When Foundry introduced Blinkscript for Nuke, I thought there would be an explosion of new tools being created by the community, in the way that Matchbox did for Flame. While a few select users embraced it, the learning curve is a bit steep, and the learning resources scarce. Many compositors have asked me to write about blinkscript, and while it would definitely be interesting, I don’t have the time required to do a full beginners intro to blinkscript.

Since trying HigX PointRender a few months ago, I did have an idea in the back of my mind: Create a Lightning bolt generator for Point Render using blinkscript.

Last weekend I finally acted on it. See the results in this video:

I will go in details over the theory behind how the tools is working, and cover the main logic of the tool in blinkscript. If you need a refresher on blinkscript before getting started, I invite you to have a read of the documentation, or watch this talk from Mads.

## How to make Lightning

There are different ways to approach the recreation of a lightning bolt, which Xavier Martin covered pretty well in his article about X_Tesla.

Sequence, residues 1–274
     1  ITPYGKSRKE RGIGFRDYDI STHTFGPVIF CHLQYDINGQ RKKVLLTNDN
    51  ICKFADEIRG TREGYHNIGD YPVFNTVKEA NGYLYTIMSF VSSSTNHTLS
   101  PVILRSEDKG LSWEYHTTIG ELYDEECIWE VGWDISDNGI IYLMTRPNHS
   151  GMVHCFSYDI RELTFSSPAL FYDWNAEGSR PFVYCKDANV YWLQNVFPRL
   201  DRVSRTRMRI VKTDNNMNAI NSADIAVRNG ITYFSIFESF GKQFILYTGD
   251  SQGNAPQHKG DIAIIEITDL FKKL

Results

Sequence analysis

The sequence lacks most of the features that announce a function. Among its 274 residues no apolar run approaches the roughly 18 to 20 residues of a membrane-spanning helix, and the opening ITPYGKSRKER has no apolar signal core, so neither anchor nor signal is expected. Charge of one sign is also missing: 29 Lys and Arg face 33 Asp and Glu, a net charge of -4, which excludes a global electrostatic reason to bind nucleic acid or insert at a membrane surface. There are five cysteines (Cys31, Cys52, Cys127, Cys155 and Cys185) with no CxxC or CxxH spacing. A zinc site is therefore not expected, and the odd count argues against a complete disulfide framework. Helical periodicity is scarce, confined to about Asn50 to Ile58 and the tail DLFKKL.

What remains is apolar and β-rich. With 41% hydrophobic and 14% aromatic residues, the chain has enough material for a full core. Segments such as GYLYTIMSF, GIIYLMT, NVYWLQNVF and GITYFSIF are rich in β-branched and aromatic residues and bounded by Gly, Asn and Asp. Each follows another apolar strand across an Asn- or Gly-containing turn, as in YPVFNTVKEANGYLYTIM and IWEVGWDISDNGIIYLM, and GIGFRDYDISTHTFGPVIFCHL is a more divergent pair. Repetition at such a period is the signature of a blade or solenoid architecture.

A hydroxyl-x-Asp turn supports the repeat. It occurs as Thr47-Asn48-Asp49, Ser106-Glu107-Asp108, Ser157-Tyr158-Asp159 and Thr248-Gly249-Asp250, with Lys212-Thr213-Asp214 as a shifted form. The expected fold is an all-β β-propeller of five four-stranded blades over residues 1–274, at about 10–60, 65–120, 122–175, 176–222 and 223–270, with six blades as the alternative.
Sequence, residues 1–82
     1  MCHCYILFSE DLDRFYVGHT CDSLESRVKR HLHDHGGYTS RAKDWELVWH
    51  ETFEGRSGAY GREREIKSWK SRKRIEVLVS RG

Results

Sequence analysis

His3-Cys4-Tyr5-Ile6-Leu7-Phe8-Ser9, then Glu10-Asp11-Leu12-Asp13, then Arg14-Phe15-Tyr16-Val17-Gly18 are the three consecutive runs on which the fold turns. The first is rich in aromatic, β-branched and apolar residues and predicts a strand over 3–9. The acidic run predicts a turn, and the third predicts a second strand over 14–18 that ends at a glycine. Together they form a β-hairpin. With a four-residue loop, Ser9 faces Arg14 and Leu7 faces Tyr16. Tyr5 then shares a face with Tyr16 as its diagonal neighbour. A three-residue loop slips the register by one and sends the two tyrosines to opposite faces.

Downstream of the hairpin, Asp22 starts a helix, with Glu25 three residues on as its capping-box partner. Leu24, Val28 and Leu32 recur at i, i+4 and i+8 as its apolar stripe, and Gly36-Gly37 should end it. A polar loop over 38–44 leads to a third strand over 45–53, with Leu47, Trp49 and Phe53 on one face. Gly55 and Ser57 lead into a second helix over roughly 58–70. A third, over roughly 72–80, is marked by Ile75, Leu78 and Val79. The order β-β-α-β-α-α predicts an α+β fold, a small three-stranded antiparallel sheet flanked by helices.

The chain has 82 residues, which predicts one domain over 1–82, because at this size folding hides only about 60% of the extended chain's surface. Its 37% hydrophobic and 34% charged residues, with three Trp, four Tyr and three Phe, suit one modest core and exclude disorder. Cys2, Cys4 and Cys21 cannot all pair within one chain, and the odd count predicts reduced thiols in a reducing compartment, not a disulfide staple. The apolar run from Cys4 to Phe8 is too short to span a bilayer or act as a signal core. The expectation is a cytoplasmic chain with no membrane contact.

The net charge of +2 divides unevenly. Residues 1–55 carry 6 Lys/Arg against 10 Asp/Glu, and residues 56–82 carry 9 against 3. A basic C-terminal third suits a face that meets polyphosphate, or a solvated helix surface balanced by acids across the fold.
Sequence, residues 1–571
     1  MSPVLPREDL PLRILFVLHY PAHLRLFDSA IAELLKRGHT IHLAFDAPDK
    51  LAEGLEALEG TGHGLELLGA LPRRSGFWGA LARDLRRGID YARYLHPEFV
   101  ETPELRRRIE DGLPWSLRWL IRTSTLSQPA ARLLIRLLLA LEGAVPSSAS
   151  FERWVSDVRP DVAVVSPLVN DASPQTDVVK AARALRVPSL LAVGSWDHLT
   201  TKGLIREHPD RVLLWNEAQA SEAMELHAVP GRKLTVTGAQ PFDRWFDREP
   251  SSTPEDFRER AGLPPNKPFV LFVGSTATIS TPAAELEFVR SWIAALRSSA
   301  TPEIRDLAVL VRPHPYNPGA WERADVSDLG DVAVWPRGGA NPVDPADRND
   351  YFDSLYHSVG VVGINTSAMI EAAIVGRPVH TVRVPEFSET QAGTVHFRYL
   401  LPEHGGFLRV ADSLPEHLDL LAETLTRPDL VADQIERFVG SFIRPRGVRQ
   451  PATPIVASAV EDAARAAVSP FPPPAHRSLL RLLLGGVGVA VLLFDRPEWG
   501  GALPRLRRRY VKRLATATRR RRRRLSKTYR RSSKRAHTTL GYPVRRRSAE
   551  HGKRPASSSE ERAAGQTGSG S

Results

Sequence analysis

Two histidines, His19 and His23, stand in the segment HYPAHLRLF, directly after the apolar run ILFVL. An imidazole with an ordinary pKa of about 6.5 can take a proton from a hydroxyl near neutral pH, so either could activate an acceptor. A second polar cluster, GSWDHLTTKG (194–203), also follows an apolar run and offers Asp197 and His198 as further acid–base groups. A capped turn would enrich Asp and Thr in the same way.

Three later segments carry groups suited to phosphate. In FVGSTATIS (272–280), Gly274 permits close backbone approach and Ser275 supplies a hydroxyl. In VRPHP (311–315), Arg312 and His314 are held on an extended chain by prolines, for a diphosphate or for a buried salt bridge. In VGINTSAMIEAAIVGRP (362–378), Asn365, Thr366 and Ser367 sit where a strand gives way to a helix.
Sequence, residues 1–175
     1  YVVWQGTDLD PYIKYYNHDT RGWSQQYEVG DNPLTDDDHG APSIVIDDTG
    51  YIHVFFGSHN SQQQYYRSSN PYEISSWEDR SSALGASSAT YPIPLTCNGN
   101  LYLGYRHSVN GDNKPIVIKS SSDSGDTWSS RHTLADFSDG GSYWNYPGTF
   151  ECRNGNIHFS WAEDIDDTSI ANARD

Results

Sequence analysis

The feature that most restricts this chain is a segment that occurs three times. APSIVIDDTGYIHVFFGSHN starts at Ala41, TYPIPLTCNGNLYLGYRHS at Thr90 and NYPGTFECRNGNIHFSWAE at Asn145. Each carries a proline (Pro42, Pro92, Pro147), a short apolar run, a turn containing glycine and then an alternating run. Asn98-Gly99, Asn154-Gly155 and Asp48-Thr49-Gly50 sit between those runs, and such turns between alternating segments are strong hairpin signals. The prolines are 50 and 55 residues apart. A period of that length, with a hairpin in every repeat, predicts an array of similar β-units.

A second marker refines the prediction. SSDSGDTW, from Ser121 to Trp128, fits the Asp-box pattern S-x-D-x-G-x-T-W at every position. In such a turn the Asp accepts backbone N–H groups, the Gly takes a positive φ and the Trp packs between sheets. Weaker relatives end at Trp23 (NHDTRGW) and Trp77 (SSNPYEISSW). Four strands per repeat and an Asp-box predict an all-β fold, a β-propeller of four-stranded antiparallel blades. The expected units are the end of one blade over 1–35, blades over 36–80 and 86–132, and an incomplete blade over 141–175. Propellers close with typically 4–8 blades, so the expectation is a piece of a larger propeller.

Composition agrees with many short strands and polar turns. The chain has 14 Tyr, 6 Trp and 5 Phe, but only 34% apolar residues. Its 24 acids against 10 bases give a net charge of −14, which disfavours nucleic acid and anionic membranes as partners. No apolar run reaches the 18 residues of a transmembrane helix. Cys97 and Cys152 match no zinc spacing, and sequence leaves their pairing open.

The way I would like to do that is using the “random fractal” approach.

If we look at photos of lightning in google search and analyse the structure a little bit, we will notice that there is usually a “main” branch, which goes from the clouds to the ground, and then some secondary branches that branch off from the main branch at seemingly random points and going in semi random direction (not fully random though, as we notice they rarely move upwards).

### Drawing a 3D line

Blinkscripts are not actually 3d operators, they do not deal with polygons or other types of 3d data, they are pixel operators. As we’ve seen in my previous posts about Higx PointRender, here and here, it uses position data stored in pixels (similar to a position pass) to draw 3D points. It also has a “Wire” render mode, where it can connect multiple points to create a line, which is going to be particularly helpful for us here.

Before we draw a 3D line, let’s start by drawing a 2D line in the blinkscript.

kernel PointLighning : ImageComputationKernel<ePixelWise> { Image<eRead, eAccessRandom> format; Image<eWrite, eAccessRandom> dst; void process(int2 pos) { if (pos.x || pos.y ) { return; } // Here we're going to add our code int number_of_points = 50; for (int y = 0; y < number_of_points; y++) { // Iterate from 0 to number of points dst(0,y) = float4(1.0f); // This writes to the dst image at coordinates 0, y, value 1. WARNING! If the coordinates are outside of the BBOX, nuke will crash! } } };